Self expression is vital for every person, no matter the medium. I believe the purpose of my job as an educator is to help my students find their own voice and express themselves through the medium of music. My goal in teaching each student is not to make them the next Principal Trumpet of the Chicago Symphony. Although, I would not be upset if that happened! Instead, my goal is to equip each student with the tools to become the best musician, self-teacher, and person they can be. The skills learned in music, such as accountability, time management, perseverance, and most importantly communication are invaluable skills that are essential for success in virtually every facet of life.
1. Self expression: This is the ultimate goal for every musician. Each person has a unique and important voice to express. The best musicians are the ones who have figured out how to get the ideas in their head to translate into the sound waves that we identify as music. I always try to remind my students what the overall objective is for private lessons. Arnold Jacobs, legendary tuba player of the Chicago Symphony and renowned pedagogue perhaps said it best that music comes “first, last, and always.”
2. Technique as a facilitator for expression: It is easy to get bogged down and discouraged by the difficulties of improving technique. Many can view issues with technique as a barrier that keeps a musician from achieving their potential. I prefer to view technique as a tool- a facilitator for expression. Every musician will spend the rest of their life finding new ways to improve their tools. The limitless nature of musical progress is perhaps the most gratifying aspect of being a musician.
3. Personalized instruction: It is no secret that every student learns differently. Additionally, each student has a different trajectory and their own unique path filled with great strengths and weaknesses. Lessons should always be approached with this in mind. Personalized instruction is key for optimal improvement in each student. Therefore the teacher must be humble, adaptable, knowledgeable, and curious for new methods of improvement.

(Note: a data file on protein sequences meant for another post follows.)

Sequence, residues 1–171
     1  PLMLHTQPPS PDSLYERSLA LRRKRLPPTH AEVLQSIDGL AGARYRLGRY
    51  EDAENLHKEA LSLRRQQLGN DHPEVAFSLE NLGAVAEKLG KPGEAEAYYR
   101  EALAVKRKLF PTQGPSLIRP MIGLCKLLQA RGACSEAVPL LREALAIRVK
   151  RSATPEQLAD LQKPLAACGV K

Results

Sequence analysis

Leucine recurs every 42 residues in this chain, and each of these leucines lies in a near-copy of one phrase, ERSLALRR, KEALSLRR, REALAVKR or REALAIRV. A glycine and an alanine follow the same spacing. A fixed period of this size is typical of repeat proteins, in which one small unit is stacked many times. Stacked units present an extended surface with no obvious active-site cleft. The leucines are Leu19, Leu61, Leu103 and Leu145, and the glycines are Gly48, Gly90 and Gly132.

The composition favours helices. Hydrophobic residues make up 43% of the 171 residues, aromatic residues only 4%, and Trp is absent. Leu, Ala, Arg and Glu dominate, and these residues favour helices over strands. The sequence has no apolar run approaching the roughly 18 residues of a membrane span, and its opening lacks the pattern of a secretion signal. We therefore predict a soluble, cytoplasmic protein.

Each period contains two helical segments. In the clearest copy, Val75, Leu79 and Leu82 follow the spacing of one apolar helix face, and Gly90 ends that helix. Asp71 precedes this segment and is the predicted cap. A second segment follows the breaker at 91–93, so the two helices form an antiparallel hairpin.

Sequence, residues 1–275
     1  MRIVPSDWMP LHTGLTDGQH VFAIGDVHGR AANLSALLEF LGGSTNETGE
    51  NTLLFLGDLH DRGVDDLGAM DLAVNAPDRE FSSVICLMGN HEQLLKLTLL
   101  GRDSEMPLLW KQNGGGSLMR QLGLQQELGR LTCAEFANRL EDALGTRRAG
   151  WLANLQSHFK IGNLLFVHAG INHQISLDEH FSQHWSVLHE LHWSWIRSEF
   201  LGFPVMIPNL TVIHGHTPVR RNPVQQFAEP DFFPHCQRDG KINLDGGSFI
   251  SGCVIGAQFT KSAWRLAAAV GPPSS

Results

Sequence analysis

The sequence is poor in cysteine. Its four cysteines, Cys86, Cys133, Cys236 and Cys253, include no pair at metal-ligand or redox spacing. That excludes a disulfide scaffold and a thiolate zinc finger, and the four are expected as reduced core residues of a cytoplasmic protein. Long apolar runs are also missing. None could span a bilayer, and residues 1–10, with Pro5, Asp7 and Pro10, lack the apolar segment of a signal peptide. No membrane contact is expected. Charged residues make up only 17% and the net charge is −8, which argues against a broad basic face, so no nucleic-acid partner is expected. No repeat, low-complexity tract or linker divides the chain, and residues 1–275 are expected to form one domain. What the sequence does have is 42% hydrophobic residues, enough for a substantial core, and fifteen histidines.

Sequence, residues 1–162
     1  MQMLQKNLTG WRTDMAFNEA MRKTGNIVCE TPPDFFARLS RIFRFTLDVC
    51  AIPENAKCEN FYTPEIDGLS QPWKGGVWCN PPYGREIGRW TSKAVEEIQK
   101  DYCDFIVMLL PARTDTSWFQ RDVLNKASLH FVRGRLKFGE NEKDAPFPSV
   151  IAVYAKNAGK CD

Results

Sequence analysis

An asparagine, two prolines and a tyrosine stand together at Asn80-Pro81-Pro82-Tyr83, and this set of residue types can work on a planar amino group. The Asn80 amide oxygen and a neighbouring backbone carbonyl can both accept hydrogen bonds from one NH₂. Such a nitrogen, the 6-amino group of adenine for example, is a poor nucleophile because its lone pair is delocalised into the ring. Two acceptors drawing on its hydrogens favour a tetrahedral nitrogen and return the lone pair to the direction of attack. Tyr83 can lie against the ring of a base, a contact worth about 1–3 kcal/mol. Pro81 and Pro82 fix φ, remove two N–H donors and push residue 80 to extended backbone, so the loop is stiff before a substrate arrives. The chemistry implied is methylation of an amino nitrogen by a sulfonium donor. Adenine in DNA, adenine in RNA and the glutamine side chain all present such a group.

4. Teaching students to be their own teacher: This is the most important aspect of my teaching. In every lesson I take my students through the process for improving a given musical skill until they know how they must practice it when they are on their own. Most of a student’s progress will come from their diligent individual practice throughout the week- not during our weekly one-hour sessions. The individual work of the student is what makes the improvement, not the teacher.
The common phrase “failure is not an option” does not apply in the slightest to my teaching philosophy. I believe that failure IS an option, and should be embraced rather than feared. Of course we should always strive for our best, but life teaches us that we may not always meet our expectations despite how hard we work. We are all students from the day we are born until the day we die, and there is no such thing as perfection. The best we can hope for is to learn from every one of our failures along the way. How we react to our failures will dictate how we succeed in the future.